On May 2, the future of East Lansing’s elementary students will be voted on. A bond proposed by the East Lansing Public School system would borrow $93,770,000 to be repaid through property taxes. The money would go toward the renovation of six elementary schools and to improve education district wide.
Ingham County Treasurer Eric Schertzing supports the bond.
“East Lansing is, to me, two things: we’re the city of arts and we’re the city of education,” Schertzing said.
“This is really a conclusion of a 20-year strategic master plan that has re-done the high school, and the middle school and the final piece, the big piece at the end, is the elementary schools that all of our children in the East Lansing Public Schools have a quality environment in which to work,” he said.
As county treasurer, he acknowledged that the bond is big. However, he said that once all residents have a full understanding of what, and why, the bond is being proposed, it would succeed. He continued that the biggest reason for residents to oppose it would be a lack of information and knowledge.
Acting Superintendent Dori Leyko said school officials are focused on informing the public.
Their goal is to provide community members with as much information as possible so well-informed decisions can be made on the bond proposal, Leyko wrote in an email.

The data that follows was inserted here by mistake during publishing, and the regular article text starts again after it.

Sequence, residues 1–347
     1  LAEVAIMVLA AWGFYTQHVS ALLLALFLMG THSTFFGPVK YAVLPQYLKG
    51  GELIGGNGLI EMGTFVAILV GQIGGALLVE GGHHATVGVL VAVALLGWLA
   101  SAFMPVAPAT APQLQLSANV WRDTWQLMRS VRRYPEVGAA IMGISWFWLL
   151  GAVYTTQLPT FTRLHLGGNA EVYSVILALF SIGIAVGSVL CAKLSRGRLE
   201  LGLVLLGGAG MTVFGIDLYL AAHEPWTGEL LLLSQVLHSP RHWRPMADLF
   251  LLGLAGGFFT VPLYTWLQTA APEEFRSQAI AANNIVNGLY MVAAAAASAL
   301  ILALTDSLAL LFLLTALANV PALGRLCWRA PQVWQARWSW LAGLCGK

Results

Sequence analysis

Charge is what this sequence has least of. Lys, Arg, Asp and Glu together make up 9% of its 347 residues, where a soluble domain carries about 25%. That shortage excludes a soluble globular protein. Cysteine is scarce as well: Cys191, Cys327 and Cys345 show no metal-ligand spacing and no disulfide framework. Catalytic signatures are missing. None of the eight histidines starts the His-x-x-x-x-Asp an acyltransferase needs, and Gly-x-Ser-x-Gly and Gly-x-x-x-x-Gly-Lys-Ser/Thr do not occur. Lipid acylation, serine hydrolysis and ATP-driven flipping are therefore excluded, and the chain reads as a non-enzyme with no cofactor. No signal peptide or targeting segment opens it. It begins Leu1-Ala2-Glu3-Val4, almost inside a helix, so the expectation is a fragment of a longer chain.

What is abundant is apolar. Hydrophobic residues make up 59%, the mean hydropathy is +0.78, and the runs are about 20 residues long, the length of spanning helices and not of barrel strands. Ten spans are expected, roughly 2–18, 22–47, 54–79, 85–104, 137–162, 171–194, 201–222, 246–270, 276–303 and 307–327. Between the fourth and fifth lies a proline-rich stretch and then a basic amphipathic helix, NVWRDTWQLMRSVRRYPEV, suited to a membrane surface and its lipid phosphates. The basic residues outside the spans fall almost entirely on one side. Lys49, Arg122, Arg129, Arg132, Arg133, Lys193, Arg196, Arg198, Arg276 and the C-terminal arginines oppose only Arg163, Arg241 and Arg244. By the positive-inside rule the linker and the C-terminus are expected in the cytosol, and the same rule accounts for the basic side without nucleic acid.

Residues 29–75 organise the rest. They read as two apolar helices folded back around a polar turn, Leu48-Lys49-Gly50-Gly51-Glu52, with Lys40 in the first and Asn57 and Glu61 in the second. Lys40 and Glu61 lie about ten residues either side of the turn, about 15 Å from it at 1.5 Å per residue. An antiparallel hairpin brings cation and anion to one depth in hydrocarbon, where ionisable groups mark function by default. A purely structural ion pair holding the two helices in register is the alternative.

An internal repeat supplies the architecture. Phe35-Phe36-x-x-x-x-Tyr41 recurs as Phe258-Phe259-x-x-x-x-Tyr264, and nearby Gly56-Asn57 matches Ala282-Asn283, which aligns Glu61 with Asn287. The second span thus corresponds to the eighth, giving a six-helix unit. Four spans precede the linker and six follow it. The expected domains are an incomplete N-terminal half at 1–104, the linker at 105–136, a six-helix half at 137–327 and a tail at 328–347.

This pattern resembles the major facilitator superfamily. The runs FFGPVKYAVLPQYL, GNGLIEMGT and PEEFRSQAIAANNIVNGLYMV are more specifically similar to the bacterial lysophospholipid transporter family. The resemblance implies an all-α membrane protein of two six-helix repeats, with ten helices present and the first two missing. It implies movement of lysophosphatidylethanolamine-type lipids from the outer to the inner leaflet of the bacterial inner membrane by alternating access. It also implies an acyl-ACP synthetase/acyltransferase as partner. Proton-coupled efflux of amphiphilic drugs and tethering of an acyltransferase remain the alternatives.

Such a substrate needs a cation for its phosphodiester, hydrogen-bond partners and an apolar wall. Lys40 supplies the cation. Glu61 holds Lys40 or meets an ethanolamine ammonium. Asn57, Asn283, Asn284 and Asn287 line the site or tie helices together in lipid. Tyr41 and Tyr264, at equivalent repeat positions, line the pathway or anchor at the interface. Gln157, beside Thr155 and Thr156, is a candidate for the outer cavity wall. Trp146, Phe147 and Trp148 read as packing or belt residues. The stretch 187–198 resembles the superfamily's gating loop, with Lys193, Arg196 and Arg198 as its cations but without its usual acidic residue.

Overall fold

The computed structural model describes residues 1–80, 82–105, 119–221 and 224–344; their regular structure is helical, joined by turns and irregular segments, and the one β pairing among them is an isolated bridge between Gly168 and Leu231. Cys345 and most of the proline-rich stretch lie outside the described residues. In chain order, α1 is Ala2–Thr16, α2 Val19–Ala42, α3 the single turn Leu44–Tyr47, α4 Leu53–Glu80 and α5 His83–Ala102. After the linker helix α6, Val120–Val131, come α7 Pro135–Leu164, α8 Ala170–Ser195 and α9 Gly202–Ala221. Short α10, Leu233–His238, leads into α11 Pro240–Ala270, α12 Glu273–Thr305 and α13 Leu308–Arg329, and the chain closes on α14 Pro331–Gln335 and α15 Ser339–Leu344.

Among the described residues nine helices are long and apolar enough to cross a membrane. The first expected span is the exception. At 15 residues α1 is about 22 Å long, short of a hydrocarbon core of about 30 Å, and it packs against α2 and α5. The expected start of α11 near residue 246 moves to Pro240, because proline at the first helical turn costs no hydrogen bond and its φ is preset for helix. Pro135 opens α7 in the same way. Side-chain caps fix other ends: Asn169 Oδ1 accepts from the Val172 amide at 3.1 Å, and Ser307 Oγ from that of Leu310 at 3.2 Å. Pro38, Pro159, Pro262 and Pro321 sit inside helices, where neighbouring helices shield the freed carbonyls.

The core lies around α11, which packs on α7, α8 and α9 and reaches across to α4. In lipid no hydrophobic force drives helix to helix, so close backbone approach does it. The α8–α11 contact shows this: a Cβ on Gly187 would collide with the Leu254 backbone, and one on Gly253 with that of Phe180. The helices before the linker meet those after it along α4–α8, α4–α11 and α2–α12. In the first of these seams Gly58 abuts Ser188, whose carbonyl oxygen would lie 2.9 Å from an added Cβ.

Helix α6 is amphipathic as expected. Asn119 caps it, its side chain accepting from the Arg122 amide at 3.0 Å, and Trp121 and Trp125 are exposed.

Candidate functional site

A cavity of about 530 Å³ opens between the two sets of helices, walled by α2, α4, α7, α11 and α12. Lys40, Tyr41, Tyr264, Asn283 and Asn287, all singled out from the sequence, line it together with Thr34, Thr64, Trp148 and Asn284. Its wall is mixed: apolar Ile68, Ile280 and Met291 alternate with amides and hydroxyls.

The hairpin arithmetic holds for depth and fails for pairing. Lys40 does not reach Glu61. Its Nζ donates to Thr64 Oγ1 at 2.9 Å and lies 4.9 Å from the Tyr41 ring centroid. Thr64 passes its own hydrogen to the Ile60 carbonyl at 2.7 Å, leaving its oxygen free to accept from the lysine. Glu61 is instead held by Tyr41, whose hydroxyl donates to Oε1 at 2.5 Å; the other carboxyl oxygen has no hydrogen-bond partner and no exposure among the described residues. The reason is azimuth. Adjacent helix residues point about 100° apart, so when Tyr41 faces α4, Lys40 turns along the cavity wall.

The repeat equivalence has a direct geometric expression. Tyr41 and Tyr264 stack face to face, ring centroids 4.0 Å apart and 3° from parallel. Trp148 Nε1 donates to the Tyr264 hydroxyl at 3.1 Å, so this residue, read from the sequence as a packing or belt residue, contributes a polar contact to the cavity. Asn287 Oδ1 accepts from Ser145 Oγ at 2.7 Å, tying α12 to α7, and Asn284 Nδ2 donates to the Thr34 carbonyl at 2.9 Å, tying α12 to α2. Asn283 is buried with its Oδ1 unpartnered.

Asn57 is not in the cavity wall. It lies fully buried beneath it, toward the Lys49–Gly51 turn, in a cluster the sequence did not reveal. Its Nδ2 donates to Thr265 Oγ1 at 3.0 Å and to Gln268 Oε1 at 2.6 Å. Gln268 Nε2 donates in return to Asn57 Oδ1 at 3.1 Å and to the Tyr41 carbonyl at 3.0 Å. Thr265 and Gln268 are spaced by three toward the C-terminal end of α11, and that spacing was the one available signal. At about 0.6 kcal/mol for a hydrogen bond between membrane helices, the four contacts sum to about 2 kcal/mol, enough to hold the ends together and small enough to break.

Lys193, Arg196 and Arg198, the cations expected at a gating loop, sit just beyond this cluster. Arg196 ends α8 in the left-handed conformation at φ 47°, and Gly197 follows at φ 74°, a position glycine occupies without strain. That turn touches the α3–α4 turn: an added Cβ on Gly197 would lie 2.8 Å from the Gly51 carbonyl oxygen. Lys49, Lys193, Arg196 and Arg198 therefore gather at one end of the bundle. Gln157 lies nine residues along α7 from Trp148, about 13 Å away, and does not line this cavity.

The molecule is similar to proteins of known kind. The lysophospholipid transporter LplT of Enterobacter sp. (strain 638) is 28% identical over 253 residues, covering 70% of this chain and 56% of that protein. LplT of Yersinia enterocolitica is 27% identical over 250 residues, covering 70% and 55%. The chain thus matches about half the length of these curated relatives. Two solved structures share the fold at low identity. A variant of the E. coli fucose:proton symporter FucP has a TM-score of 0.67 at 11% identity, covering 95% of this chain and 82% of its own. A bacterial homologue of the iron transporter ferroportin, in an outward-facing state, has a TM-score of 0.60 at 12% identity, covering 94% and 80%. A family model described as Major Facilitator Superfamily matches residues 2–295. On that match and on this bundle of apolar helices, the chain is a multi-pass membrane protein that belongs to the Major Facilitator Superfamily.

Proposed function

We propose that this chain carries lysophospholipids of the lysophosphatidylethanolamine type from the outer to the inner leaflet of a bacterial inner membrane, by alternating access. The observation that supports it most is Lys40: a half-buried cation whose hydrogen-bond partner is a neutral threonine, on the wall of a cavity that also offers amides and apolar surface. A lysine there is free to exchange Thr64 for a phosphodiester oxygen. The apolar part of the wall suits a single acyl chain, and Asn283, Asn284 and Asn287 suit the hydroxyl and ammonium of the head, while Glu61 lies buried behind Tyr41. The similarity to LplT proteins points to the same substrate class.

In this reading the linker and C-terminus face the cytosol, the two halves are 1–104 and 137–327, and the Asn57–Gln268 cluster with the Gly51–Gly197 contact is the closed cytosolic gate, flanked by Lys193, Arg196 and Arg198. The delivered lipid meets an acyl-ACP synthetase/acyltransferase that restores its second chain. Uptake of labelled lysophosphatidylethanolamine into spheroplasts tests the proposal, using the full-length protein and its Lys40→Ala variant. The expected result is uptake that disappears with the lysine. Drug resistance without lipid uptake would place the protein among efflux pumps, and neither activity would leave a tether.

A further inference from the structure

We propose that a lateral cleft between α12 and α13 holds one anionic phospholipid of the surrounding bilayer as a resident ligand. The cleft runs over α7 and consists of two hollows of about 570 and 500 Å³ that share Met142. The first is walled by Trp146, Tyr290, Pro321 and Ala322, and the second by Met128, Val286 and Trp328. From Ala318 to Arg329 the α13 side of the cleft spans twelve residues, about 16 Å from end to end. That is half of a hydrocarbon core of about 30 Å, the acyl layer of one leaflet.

If the bond passes, five local elementary schools and the Red Cedar Elementary school, that was closed down three years ago, would be renovated to give students what is being dubbed a 21st century education.
Donley, Glencairn, Marble, Pinecrest, and Whitehills, would all be rebuilt on the current sites, and Red Cedar Elementary School would be remodeled for early childhood education with as many as seven elementary classrooms. The new facilities would support 21st century learning and better meet the diverse needs of all elementary students, Leyko wrote in an email.
“Our elementary schools were built between 1948 and 1963,” said School Board Member Erin Graham. “They were built for a factory-style education. They’re deteriorating.”
Graham described 21st century education as giving students the space to move around.
There is talk of a divide between residents.
“There’s always going to be naysayers against taxes or paying for a school that they don’t have children in,” Schertzing said. “Some don’t like the school of choice population.”
According to the East Lansing Public Schools bond facts write up, property taxes would increase approximately $7.50 per month for every $100,000 in market value of a home.
The student populations would need to move to another building for a school year. Red Cedar would be renovated to be a holding school, and then a new Donley Elementary would be built. The current Donley building would then also be able to be a temporary holding school, so that we would be able to have all new and renovated buildings in operation by the fall of 2021, wrote Leyko in an email.
City officials will continue to listen to the public through community forums in the months leading up to the vote.